Why Shivnarine sends shivers up Australia’s spine

David Lord Columnist

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    Shivnarine Chanderpaul is a highly unlikely looking cricketer. A professor of music would be more fitting.

    But the 37-year-old has stamped himself as one of the most durable of international batsmen in the history of the game, with powers of concentration second to none.

    Three milestones in his extraordinary career stand out.

    Chanderpaul has been a model of consistency from the start, scoring 13 half-centuries and five 40s in his first 18 Tests, before posting his first Test ton in his 19th Test against India at Bridgetown with an unbeaten 137.

    Among those who have scored over 2000 Test runs, Chanderpaul has the best average of all-time with 67.05 batting at six, ahead of Gary Sobers’ 53.34, Allan Border’s 52.16, and Steve Waugh’s 51.04.

    And his 104 in the world record fourth dig run-chase of 7-418 against Australia at St Johns in 2003 was vital in supporting Ramnaresh Sarwon’s 105, Brian Lara’s 60, and Omari Banks’ 47.

    His unbeaten 103 in the current Test being played in Bridgetown has the Australians on the back foot. The ton wasn’t pretty to watch, but then there’s nothing about Chanderpaul that is pretty to watch.

    He is an accumulator. There’s nothing normal about him from the light reflector black patches under both eyes to his wide open stance to confining his shot-making to playing off the back foot and square of the wicket.

    Restrictive, but extremely effective providing he has the patience. And that he has in unlimited quantities.

    The 103 was the perfect example, taking 248 deliveries. He bored the Australian attack to distraction during his six-and-a-half hours at the crease.

    And in the process shut the Australians out of the picture. Only the West Indies can win from here.

    That’s why Chanderpaul is so vital to the Windies. Right now they are ranked a lowly seventh in the world, with only New Zealand and Bangladesh below them. The Australians are ranked fourth, behind England, South Africa, and India.

    If the inspirational Chanderpaul remains fit, the Windies won’t be ranked seventh for long.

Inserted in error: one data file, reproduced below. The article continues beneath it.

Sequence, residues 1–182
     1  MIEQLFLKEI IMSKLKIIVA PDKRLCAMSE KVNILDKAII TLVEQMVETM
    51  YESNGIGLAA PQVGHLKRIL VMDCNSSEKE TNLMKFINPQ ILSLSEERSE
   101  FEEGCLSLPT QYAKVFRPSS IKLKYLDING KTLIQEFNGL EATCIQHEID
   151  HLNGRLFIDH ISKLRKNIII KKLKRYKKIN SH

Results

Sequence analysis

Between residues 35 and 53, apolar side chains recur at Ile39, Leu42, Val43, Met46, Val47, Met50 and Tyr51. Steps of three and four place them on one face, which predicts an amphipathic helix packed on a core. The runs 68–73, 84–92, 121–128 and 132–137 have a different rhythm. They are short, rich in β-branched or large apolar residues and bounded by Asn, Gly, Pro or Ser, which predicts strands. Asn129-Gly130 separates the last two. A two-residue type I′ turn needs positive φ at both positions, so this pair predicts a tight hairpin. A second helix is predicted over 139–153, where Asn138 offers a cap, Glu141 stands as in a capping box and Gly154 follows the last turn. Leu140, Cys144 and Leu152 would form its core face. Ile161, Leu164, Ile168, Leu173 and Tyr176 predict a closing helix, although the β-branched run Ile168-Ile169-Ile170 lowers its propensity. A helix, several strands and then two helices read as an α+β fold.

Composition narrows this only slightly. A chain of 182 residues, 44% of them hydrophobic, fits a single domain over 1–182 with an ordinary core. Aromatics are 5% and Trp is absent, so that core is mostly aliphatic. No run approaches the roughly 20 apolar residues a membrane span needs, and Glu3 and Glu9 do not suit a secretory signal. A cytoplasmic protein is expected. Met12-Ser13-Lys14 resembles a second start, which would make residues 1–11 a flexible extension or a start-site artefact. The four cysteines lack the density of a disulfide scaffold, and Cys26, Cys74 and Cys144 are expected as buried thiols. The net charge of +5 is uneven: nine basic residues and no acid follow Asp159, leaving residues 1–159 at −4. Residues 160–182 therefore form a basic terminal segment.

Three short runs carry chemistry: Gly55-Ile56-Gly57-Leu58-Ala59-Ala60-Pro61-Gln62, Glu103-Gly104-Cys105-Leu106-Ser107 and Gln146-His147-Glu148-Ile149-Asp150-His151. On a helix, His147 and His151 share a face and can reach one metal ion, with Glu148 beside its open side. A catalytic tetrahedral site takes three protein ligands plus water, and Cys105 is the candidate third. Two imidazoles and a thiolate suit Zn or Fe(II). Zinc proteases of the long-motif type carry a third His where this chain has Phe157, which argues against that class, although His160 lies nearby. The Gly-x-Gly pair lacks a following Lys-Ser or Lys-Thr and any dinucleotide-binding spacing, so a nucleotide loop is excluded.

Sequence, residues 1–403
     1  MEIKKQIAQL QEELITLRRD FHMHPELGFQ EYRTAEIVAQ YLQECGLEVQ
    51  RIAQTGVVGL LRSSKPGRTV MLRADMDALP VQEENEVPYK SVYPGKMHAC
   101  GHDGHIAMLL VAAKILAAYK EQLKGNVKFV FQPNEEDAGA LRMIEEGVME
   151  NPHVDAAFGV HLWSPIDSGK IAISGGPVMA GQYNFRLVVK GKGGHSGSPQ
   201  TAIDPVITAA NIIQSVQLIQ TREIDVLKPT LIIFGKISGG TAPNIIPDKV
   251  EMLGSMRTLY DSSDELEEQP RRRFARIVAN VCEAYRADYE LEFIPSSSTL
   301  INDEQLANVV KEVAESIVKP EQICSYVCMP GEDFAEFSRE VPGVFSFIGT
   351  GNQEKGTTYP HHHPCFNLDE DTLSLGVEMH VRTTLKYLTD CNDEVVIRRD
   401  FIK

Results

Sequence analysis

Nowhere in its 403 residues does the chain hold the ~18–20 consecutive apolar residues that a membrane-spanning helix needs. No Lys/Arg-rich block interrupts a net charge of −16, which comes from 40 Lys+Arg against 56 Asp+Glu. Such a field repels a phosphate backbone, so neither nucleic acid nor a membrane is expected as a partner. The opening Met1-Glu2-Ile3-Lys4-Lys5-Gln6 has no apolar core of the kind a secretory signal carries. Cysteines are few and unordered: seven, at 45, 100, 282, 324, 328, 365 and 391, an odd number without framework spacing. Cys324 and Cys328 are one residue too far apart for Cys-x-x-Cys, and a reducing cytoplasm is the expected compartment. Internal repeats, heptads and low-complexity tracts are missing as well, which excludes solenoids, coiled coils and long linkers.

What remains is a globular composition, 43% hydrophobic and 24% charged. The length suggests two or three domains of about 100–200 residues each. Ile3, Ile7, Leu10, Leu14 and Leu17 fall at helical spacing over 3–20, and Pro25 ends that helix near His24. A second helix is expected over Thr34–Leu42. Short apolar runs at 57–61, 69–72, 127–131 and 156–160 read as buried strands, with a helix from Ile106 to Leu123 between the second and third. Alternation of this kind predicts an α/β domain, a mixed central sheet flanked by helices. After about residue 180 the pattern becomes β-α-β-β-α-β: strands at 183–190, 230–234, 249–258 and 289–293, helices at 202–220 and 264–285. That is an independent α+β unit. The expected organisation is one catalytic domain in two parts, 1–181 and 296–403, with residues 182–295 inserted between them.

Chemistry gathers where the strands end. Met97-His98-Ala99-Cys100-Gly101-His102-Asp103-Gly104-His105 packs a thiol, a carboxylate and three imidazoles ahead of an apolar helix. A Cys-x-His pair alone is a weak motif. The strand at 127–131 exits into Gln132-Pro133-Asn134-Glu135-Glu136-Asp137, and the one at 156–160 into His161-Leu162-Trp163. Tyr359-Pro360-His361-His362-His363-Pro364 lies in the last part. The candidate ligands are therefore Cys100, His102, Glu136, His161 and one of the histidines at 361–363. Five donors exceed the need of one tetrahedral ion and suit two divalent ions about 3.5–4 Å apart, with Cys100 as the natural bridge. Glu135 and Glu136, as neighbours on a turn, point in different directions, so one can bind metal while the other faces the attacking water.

Of the current international cricketers, only Sachin Tendulkar has been around longer than Chanderpaul. Tendulkar started in 1989, Chanderpaul in 1994.

    And Chanderpaul’s standing is best shown in those behind him among the Test century-makers of all-time.

    Tendulkar is the benchmark with 51 Test tons, from Jacques Kallis (42), and Ricky Ponting’s 41.

    Chanderpaul now has 25 Test centuries ahead of an impressive list that includes Greg Chappell, Graeme Smith, Mohammad Yousuf, and Viv Richards on 24, Justin Langer’s 23, Wally Hammond, Colin Cowdrey, and Geoff Boycott on 22, Neil Harvey’s 21, Mark Waugh’s 20 and Len Hutton, Clive Lloyd, Gordon Greenidge, Mark Taylor, and Michael Clarke with 19.

    To further emphasise Chanderpaul’s standing, he’s ranked the eighth Test batsman in the world with Darren Bravo (21), and Kirk Edwards 44.

    The Australians have five in the top 50 – Clarke (equal first), Ponting (16), Mike Hussey (18), Shane Watson (27), and David Warner at 37.

    Yet because of Chanderpaul alone, the Australians are under the pump at Bridgetown.

    Shivnarine Chanderpaul is a Lone Ranger, but a mighty batsman who would be among the first chosen in any of the other eight national sides.

    David Lord
    David Lord

    David Lord was deeply involved in two of the biggest sporting stories - World Series Cricket in 1977 and professional rugby in 1983. After managing Jeff Thomson and Viv Richards during WSC, in 1983 David signed 208 of the best rugby players from Australia, New Zealand, Fiji, England, Ireland, Scotland, Wales and France to play an international pro circuit. The concept didn’t get off the ground, but it did force the IRB to get cracking and bring in the World Rugby Cup, now one of the world’s great sporting spectacles